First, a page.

The vet may also screen the pet for health problems which aggravate diabetes, such as Cushing’s disease or underactive thyroid glands.
Treatment for Diabetes
Successful treatment means insulin injection, a good diet, encouraging weight loss, and treating any underlying health concerns.
Our doggy diabetics usually stabilise on twice daily insulin injections. If the thought of injecting your fur-friend makes you uneasy…there’s no need to be. The needle is hair thin and a tasty treat afterwards soon has the dog eager to take part.
All About Insulin
Insulin is a liquid that is injected into the dog. Specific veterinary insulins are available, and the vet will prescribe these ahead of insulins used for people.
The insulin molecule is long and delicate. It degrades quickly and the bottle of insulin must be treated with care. This means storing it in a cool place (such as the salad drawer of a fridge), never shaking the bottle, and discarding the vial after one month’s use.
Traditionally insulin is injected using special syringes with tiny needles. Your vet will teach you how to inject. This isn’t difficult but does need to be done with care. Incorrect injection technique, such as injecting into the fur rather than the skin, is a common cause of poor diabetes control.
However, Caninsulin VetPen is now available which makes this even easier. This handy device looks like a pen and you simply dial-in the dose, hold the tip against the pet, and press a button.
A top tip is to vary the site of each insulin injection. It’s handy to develop the habit of alternating between the left and right hand side, front and back of the scruff. This prevents the skin toughening up in one spot, which stops full absorption of the glucose.
The Timing of Insulin Injections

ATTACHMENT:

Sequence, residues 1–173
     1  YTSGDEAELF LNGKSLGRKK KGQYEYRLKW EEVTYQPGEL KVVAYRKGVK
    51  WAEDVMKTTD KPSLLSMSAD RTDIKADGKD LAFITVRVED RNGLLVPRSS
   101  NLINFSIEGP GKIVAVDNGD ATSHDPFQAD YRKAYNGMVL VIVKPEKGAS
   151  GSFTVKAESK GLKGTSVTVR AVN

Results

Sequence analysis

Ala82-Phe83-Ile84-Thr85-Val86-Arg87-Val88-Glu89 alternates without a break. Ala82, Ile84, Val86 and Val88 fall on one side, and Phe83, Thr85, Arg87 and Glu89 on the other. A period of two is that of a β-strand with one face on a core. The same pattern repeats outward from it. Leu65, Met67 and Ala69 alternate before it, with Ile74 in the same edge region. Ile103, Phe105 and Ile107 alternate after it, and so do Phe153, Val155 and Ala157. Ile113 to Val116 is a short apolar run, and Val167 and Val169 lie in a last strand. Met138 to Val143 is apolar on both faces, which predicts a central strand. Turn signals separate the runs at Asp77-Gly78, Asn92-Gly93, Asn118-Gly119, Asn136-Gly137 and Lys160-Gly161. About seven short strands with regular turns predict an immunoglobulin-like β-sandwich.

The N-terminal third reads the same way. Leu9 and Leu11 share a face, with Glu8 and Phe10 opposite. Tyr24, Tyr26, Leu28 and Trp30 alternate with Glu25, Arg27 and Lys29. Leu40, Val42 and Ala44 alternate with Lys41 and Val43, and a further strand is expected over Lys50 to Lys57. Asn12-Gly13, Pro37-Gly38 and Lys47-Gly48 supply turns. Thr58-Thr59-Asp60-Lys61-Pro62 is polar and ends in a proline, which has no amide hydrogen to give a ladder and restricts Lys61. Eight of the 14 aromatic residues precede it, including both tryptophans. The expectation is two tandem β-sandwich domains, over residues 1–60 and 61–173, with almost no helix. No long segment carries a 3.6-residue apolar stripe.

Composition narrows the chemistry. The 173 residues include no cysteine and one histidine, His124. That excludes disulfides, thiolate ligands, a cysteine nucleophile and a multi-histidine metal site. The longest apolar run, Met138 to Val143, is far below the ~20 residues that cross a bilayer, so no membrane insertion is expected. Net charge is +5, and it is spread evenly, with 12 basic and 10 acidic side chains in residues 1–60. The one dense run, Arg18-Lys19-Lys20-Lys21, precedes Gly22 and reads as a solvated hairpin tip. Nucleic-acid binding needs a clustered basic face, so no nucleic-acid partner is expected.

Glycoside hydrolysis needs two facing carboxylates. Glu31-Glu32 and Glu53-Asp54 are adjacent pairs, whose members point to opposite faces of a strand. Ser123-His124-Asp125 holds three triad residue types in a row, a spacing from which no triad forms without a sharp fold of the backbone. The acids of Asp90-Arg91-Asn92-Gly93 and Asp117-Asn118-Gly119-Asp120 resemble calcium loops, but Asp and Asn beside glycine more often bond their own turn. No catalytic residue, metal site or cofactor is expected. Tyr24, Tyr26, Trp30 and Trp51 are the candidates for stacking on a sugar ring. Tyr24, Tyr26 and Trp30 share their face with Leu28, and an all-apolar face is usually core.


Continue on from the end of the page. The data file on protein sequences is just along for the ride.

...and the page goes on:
It’s important the dog eats before having their insulin dose. This is because there’s a risk of the sugar levels dipping too low if they receive insulin on an empty stomach.
For twice daily treatment, offer a meal ahead of each injection. If the dog eats, go ahead with that dose. Some regimes are more complex (depending on the insulin type) and involve feeding 6 – 7 hours after the insulin. But your vet will discuss if this is necessary or not on an individual bases.
But What if the Dog Doesn’t Eat…
If the dog refuses a meal, give a half dose of insulin. This reduces complications, such as ketosis (see later), without risking low blood sugar.
However, if the dog skips more than one meal or they seem unwell, always phone the vet for advice.
Sometimes it’s hard to find the right dose of insulin. The vet may keep adjusting the dose upwards, and yet the dog seems no better. If this is the case, the vet may suspect insulin resistance. As the name suggests, this is when the body is ‘resistant’ to the effects of insulin.
A common reason is the body mounting an immune response to the insulin molecule, which damages it. If this is the case, changing the type of insulin may help.
A Note about Oral Hypoglycaemic Tablets
Sadly, tablets used to control diabetes in people rarely work in dogs. Medications such as Metformin or Glipizide just don’t cut it in canines, and are rarely used.